However, for me, clean eating with a focus on lean Protein, veggies, legumes, heart-healthy fats, and fruits is what works. I've pared out grains for now for a couple of reasons: first, I have limited stomach space, and don't really meet my other nutritional needs when I include them, and secondly, I don't lose as well when they're part of my routine intake.

Does this mean I think carbs are bad? No. I think that ultimately I will be eating a diet that is well-balanced, and includes plenty of whole grains. I just haven't yet reached a place where I'm comfortable (physically, really) with them. During maintenance, the energy (and nutrients) they offer will allow me to keep up my activity level without continuing to lose.

You have to find what works for you. You're losing---so there's probably something to be said for the old adage, "If it ain't broke, don't fix it." If you reach a point where you're not seeing the results you'd like, it might be worth journaling for a bit to see where you can tweak things to better meet your nutrient needs and/or spur loss.

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Brad, you nailed it. I back you 100%, man. Like in the other post, too, it drives me NUTS that some people don't understand that in order to see gains, you HAVE to push yourself. Your body is an adaptive machine. If it doesn't see a reason why it doesn't have to change, it won't.

Diva, I completely agree. I really hope that everyone gets a chance to read this. :unsure:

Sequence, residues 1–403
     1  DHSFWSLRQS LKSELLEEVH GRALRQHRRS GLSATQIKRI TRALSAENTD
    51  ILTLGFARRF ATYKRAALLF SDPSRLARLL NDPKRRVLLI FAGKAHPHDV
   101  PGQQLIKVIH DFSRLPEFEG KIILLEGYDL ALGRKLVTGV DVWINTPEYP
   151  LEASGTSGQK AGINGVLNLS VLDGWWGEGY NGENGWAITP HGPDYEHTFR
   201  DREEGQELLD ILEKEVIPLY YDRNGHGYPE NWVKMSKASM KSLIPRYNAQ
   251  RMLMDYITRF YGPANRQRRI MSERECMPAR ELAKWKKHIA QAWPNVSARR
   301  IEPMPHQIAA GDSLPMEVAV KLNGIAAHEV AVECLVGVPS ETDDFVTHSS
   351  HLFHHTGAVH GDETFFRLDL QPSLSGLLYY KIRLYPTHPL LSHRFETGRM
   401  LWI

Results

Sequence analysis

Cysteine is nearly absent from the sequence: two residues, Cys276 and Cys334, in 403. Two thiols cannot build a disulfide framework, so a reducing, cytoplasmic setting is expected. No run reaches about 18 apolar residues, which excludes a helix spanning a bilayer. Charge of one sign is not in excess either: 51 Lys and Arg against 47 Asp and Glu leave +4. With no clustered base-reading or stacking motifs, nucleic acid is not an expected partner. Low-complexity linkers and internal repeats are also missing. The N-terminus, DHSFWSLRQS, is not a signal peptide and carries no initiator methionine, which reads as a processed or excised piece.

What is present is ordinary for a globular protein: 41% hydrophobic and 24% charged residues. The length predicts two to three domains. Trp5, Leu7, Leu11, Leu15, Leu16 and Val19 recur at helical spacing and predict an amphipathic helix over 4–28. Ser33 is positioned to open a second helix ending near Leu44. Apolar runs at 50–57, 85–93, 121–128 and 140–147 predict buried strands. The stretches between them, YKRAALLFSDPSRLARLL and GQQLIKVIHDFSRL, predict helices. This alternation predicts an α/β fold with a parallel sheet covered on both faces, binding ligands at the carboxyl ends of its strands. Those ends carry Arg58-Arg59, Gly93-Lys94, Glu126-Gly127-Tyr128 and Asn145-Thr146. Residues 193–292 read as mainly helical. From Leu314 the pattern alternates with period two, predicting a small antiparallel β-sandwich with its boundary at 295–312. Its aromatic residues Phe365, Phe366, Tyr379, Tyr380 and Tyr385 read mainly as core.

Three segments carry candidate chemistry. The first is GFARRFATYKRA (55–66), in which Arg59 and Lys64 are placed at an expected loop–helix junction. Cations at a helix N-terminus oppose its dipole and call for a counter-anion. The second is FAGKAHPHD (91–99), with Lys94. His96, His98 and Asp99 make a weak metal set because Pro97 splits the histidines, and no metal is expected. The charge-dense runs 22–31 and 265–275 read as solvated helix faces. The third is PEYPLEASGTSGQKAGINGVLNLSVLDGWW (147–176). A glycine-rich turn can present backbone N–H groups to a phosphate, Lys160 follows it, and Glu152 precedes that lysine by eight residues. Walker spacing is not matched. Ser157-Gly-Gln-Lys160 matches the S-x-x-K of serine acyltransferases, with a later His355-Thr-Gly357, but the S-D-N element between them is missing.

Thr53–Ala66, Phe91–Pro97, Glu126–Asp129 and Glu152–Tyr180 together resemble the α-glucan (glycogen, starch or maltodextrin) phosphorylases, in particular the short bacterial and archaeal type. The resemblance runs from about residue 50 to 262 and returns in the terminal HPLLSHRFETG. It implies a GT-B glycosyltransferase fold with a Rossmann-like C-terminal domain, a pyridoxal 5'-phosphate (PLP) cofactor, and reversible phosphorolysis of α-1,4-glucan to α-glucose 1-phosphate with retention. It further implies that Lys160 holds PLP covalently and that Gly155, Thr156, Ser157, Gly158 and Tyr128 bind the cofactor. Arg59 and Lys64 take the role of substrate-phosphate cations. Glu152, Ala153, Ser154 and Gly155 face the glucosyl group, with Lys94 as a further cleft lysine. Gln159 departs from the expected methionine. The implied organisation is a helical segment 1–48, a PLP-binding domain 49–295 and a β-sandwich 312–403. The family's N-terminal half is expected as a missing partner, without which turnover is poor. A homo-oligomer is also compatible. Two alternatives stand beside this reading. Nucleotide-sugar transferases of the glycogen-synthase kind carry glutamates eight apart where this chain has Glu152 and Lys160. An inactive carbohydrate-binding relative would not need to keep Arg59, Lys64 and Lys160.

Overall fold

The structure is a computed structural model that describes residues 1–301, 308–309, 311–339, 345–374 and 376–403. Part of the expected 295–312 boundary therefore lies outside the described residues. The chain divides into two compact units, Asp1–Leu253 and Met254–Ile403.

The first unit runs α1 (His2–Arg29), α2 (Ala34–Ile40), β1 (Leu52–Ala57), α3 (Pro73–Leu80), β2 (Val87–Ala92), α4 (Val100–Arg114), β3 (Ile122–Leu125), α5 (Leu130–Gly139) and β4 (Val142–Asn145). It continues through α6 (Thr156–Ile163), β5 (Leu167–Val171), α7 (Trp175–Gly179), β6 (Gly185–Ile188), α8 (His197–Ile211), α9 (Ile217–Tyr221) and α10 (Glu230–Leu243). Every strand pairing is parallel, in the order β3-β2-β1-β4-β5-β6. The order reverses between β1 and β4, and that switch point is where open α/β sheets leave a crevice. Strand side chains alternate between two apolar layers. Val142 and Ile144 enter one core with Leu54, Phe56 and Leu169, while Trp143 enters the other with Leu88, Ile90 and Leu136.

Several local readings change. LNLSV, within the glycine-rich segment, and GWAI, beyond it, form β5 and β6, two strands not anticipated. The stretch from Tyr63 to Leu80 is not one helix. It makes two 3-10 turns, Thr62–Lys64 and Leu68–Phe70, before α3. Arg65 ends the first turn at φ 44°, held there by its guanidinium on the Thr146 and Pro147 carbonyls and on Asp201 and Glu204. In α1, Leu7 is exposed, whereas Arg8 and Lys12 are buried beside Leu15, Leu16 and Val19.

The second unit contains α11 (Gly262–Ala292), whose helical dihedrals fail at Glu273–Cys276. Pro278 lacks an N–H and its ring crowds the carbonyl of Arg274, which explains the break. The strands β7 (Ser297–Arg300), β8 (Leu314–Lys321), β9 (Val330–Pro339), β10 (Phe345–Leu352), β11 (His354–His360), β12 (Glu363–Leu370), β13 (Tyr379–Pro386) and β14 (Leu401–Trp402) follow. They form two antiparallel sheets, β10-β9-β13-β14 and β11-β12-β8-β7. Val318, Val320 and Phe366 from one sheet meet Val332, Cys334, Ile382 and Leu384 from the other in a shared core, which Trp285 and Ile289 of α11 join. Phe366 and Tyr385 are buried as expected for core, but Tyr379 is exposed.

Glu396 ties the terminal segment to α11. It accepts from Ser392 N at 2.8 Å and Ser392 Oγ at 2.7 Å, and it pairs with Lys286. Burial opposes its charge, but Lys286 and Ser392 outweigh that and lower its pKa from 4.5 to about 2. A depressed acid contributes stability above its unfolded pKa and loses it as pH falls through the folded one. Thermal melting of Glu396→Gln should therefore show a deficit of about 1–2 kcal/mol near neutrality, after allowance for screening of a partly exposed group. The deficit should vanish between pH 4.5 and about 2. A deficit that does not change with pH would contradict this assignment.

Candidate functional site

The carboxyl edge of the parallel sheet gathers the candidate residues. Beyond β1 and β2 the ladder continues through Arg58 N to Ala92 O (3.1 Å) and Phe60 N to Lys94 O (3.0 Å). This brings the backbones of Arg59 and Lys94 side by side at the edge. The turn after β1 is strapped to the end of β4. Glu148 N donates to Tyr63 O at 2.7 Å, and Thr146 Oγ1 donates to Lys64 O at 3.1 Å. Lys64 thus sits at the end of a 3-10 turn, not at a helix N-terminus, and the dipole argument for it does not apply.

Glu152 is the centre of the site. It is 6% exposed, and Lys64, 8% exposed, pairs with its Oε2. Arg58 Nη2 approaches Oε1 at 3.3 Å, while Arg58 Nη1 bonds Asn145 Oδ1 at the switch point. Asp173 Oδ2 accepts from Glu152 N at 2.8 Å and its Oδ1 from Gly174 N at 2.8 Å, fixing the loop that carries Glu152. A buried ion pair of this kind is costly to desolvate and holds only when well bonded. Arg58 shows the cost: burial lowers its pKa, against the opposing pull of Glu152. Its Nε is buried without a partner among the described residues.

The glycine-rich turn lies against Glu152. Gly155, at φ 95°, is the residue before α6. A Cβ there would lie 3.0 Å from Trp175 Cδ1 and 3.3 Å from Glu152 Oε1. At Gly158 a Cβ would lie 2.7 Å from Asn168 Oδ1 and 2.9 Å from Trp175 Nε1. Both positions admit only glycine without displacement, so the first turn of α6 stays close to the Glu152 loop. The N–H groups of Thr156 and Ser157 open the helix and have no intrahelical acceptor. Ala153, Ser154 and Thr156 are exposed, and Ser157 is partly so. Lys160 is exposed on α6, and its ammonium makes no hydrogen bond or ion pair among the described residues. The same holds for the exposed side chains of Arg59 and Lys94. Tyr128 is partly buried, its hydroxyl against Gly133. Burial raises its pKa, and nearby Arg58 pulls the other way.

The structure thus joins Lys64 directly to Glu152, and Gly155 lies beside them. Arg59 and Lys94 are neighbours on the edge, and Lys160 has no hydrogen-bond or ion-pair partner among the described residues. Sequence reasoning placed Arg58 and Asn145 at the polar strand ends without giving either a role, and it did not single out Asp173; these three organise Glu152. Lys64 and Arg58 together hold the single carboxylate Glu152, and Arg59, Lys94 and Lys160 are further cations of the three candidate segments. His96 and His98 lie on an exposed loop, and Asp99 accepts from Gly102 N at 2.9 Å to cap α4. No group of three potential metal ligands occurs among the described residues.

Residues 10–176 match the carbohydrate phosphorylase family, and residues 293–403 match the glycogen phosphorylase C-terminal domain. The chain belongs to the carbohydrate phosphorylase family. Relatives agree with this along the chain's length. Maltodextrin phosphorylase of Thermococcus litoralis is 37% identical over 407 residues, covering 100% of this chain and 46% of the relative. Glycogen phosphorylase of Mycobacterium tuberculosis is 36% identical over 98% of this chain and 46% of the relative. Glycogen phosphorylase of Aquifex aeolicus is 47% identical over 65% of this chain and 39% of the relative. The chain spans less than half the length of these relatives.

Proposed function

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I will second, or third, or whatever the number may be what Brad has said. You might loose weight with a sub 1000 calorie a day diet, but I doubt long term you are going to be happy with the results. You might end up thin (or at least thinner), but how do you feel? Whats your energy level like? Can you keep up with the kids despite the fact you are no longer carrying the weight?

Also agree that you have to push your body beyond whats comfortable.. If it doesn't hurt, your not doing it hard enough.

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What about fruits and vegetables?? I eat meat, meat, &more meat. And some carbs. But how do you get in the healthy stuff? Salsas?? I had coleslaw(3 bites) & I had the only pb bout I have had since I had WLS. Oh, & I eat pickles, but they are so salty. Suggestions?

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And I am allergic to nuts & eggs, so getting Protein is difficult.